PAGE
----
Category Archives: Tools for Catechesis

The Crucifix: Inspiration for Repentance and Love

Growing up, the crucifix always struck me as–well, gross, graphic, and unnecessary. It simply didn’t make any sense. Why did Catholics insist on displaying such gruesomeness? Wasn’t it better to look at the clean and less offensive empty cross, and remember that Christ rose from the dead?


However, upon my conversion, I quickly gained a deep appreciation for the crucifix. There is “no greater love than to lay down one’s life for his friends,”  and Christ loved me so much that he died for me in this terrible and incredibly painful way. To see it so clearly depicted before me served as a constant reminder of just how great his love was for me, a sinner, and for all sinners.

When I read and understood Numbers 21:4-9 for the first time, my love for the crucifix grew as the beauty of scripture filled me with awe. Once again, we see how the New Testament is contained in the Old, and the Old Testament is fulfilled in the New. The Israelites complained against God, even as they should have thanked him for  freeing them from slavery in Egypt. God sent serpents among them, and many Israelites perished. Moses prayed for the people, and, upon God’s instruction, made a bronze serpent and mounted it upon a pole.  Whoever was bitten by a snake had only to gaze upon that serpent atop that pole, to receive healing.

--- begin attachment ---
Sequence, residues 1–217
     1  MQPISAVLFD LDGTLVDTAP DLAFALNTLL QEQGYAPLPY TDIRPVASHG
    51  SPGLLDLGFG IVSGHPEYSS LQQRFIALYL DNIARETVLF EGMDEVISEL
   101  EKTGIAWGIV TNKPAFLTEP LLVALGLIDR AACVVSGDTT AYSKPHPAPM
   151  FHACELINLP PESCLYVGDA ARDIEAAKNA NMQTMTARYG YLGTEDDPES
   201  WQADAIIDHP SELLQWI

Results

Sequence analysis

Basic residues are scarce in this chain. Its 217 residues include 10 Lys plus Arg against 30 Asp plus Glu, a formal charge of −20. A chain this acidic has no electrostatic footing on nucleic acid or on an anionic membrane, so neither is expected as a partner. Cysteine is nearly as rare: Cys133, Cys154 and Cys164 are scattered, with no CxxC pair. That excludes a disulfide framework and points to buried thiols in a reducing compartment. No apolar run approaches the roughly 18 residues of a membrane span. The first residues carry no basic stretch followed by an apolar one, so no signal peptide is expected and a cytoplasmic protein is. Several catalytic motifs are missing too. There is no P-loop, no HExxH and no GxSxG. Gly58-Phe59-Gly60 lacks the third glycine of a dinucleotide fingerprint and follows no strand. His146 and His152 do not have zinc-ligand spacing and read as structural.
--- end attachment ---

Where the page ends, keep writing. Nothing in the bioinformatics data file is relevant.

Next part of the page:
Likewise, we who experience the bite of sin can look upon the likeness of Christ, mounted upon the cross, to begin the process of healing. That image, which calls to mind his death and love for us, will drive us to true contrition and sorrow for our sins, and a desire to be worthy of such sacrifice. It will lead us to the Sacrament of Reconciliation, where we are blessed to hear those most beautiful words of absolution.


Thus cleansed of our sin, we find ourselves gazing more lovingly upon our Lord, emptied and broken, longing to love him as he loves us. The desire to be close to him, to be concealed within his wounds, leads us to ever closer union with him as we seek to love him through loving our fellow man.

Today, as we celebrate the Feast of the Exaltation of the Cross, may the crucifix and its reminder of Christ’s sacrifice serve as our strength, inspiration, and reassurance of Christ’s love for us.and-just-as-moses-lifted-up-the-serpent-in-the-desertso-must-the-son-of-man-be-lifted-up-so-that-everyone-who-believes-in-him-may-have-eternal-life-john-3_14-15

If you liked this post, you might also enjoy:

Answering God’s Call, Even When It Doesn’t “Make Sense”

The Unexpected Blessing of Being Open to Life

A Peace that Surpasses All Understanding

The Unexpected Blessing of Being Open to Life

This little guy turns one today, so it seems fitting that I write a post I’ve been meaning to Evan in swingwrite for a very long time.

I’d like to reflect on the fact that, about one year and eight months ago, when Ray and I shared our news with friends and family, the overwhelming response was, “Are you serious?” or, “How could you let this happen?” or, “Raymond, you should have had that taken care of a long time ago!” or even, “You’re killing me!”